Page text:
Star Trek

CD Review: Star Trek (2009)

Let’s get it out of the way right at the beginning. Michael Giacchino’s score for STAR TREK (2009) is not the “instant classic” that Jerry Goldsmith’s STAR TREK – THE MOTION PICTURE was. But then, how could it be?

Goldsmith’s score is a work of, dare I say, genius. Not simply a great sci-fi score, but a great film score, period. Every succeeding musical entry in the STAR TREK franchise has been unfairly (yet understandably) compared to Goldsmith’s lightning rod and found wanting. The use of Goldsmith’s main theme for STAR TREK THE NEXT GENERATION TV series only further cemented the score’s classic reputation outside the film score fanbase, creating ridiculous expectations for later composers.

Giacchino admitted that he was daunted by the prospect of following in the footsteps of earlier TREK film composers. “I grew up listening to all of that great [TREK] music, and that’s part of what inspired me to do what I’m doing,” Giacchino said in an interview with “So, yeah, it’s horrifying to think that I’ve got to go and stand in line with those guys.” He added: “You just go in scared. You just hope you do your best. It’s one of those things where the film will tell me what to do.”

So if Giacchino doesn’t match Goldsmith’s standard bearer, how does it fare? It holds up quite well, with goosebump-inducing moments simply from the raw power of the music.

One of the biggest complaints so far on the message boards has been the lack of previous STAR TREK themes in Giacchino’s score. The only instantly recognizable melody is Alexander Courage’s classic main theme, which is cleverly worked into the end credits. “To me, that fanfare, boom, that says it all right there,” Giacchino said. “And this film is about everything that came before that. So, yes, I want to keep that. But everything that was done after that, it shouldn’t be about that. It needs to be about these characters now and how they met and all of these things. So it’s a very kind of specific place and time.”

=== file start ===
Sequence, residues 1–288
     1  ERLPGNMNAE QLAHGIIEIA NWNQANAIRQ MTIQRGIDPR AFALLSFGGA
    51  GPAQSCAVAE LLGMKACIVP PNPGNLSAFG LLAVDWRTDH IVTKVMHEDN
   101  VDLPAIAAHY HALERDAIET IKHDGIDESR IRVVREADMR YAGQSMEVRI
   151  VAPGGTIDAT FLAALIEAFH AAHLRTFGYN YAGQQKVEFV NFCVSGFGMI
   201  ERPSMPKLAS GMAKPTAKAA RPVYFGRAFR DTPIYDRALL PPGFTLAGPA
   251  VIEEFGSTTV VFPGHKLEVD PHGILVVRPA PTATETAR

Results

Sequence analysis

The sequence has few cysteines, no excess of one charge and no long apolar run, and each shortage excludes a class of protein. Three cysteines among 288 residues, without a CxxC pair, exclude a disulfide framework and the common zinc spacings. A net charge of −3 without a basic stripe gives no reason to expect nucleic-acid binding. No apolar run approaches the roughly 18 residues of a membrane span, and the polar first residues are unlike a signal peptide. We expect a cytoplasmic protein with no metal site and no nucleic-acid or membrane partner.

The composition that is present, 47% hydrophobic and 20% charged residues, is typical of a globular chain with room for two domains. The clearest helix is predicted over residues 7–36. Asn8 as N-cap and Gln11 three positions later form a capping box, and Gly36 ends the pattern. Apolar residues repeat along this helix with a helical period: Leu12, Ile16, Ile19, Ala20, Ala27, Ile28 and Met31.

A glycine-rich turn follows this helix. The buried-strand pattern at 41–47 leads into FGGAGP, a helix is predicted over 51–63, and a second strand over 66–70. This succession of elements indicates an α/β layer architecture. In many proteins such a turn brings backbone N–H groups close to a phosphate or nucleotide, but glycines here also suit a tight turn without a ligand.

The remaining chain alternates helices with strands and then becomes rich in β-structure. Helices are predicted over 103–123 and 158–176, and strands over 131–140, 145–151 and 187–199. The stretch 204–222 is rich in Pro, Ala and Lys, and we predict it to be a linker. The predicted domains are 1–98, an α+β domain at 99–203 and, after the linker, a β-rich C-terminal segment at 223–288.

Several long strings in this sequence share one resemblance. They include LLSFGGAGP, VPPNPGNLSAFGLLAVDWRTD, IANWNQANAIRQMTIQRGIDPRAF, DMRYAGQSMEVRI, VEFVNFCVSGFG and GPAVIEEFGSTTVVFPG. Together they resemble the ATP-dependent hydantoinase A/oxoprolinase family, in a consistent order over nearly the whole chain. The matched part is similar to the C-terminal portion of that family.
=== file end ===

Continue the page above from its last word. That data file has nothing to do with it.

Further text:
This STAR TREK score is one of melody and muscular energy. Whether or not you like the themes, Giacchino is to be applauded for not amping up the electricity and creating the electronic aural wallpaper that is so common in blockbuster film scores these days.

The CD begins with a somber reading on French horns of the brief, five-note main theme. In “Enterprising Young Men,” rhythmic motifs recycle upon themselves, pushing forward and gaining ground, until the main theme heroically soars in the trumpets.

Star Trek CD
“Enterprising Young Men”
“Nero Fiddles, Narada Burns”

“Labor of Love” contains a truly beautiful—and unexpected—love theme, while Eric Bana’s villain, Nero, is given an ominous, belching theme in the low brass.

Most STAR TREK scores succeed or fail on the strength of their action cues, and this one is no exception. Cues such as “Run and Shoot Offense” and “Nero Death Experience” (Giacchino sure knows how to cleverly title his cues) use rhythmic motifs in the percussion to ratchet up the excitement. Chorus and exotic instruments add variety to the score.

My only complaint at this point is directed at the brief 45 minutes of music on the Varese Sarabande CD. That being said, the album provides a satisfying listening experience on its own.

Fans of Giacchino’s work will find the STAR TREK themes, rhythms, and harmonies reminiscent of everything from CLOVERFIELD to RATATOUILLE. And that has been one of the biggest problems with film score fans.

The message boards have been buzzing that Giacchino’s music just doesn’t sound like a STAR TREK score. It may not sound like a STAR TREK score as we’re used to hearing it, but it breathes new life into a moribund franchise and sounds like a STAR TREK score for today. Whether or not it succeeds will depend on how the score works in the film. More about that in Friday’s post.

If the film lives up to its hype, may the STAR TREK franchise—and Giacchino’s role within it—live long and prosper.

    1. Thanks Jorn. I thought about doing a rating or a score, but a lot of other sites do that, and do it well, yours included. :)